The air in the cave was quiet. That was what awed Ronan most about the initiation cave: it was so quiet. No sound of pine trees stirring in the wind; no dripping of water or rustle of human or animal life. Only silence: deep, profound, endless.
Ronan had been waiting in this cave for a day and a night now. He was alone, with no food or water, and only a single spear for protection in case a cave bear should suddenly decide to invade his solitude. He had no fire, only one small stone lamp to light the thick blackness. His upper torso was naked, save for where it was decorated by the ocher markings painted there yesterday by his uncle.
It was his initiation into manhood, and he must pass the Test of Solitude.
He had been here a day and a night, but shut away from the sky as he was, there was nothing to help him count the passing of time. Ronan himself had no way of knowing if he had been in the cave for a few hours, or for a week. Time here was endless. He only knew that when the men came for him, he must be ready. They must not find him asleep.
The wounds on his upper right arm had long since stopped bleeding, but they still hurt. He thought the arm had swollen. Neihle had cut deep enough to leave scars, though not deep enough to injure the muscle beneath the skin. The scars were an honor, a sign that the man who carried them was an initiated male of the Tribe of the Red Deer. When the rest of the men of the tribe came to get him, and found he had passed the Test of Solitude, Neihle would make two additional cuts on his left arm.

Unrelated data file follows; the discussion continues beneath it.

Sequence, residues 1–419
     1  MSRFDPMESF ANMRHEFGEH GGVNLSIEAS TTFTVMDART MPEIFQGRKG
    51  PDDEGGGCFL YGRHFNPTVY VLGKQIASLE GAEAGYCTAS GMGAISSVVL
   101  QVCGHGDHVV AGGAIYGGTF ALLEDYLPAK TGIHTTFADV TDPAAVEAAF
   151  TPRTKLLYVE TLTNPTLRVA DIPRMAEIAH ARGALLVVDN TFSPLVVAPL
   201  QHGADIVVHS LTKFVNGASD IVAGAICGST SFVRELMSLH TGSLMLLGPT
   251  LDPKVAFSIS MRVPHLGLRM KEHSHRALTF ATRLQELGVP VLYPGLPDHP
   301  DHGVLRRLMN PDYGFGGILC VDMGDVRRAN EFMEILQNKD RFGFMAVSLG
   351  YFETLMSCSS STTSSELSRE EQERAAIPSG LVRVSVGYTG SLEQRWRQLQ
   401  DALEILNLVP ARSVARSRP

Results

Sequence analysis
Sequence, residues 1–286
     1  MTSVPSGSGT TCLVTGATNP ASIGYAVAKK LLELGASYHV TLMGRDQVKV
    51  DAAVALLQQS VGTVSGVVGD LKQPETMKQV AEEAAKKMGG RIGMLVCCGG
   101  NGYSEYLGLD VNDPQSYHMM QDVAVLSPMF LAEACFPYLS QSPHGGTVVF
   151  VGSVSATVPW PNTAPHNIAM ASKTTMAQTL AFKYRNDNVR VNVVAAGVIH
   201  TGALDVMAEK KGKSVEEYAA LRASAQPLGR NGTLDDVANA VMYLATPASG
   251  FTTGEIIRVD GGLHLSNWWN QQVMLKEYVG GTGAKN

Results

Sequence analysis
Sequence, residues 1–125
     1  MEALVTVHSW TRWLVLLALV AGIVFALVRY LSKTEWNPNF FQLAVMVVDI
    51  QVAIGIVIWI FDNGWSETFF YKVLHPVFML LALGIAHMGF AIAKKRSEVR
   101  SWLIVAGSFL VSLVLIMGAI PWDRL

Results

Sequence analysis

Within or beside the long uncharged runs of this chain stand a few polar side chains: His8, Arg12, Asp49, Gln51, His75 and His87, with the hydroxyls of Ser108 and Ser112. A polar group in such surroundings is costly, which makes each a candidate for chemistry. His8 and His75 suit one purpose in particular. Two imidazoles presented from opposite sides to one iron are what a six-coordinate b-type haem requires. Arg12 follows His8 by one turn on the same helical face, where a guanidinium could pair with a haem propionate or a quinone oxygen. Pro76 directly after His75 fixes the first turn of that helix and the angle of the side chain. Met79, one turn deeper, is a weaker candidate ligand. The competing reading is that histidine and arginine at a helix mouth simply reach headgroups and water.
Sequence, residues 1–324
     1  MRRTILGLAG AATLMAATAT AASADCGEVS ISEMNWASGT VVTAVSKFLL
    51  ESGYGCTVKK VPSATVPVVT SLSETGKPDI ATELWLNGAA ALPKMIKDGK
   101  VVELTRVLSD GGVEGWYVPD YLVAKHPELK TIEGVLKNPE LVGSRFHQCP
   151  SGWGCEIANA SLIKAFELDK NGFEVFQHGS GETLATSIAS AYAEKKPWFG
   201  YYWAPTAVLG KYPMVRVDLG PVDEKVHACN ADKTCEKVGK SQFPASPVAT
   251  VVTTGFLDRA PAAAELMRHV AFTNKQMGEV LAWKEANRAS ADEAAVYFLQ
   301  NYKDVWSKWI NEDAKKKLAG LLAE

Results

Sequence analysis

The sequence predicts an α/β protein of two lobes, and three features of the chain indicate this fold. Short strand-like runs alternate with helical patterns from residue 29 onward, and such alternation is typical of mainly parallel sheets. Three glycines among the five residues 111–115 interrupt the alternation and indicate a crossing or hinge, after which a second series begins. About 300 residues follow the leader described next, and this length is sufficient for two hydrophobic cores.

The lamp flickered. The animal fat in which the wick floated was almost burned out. Surely, Ronan thought, that was a sign that the men must come soon.
He was cold. He was hungry. He was exhausted from thirty-two hours without real sleep. But he kept his upright position, seated on the floor with his back propped against the stone wall, his spear held poised in his left hand. When the men came they would find him ready.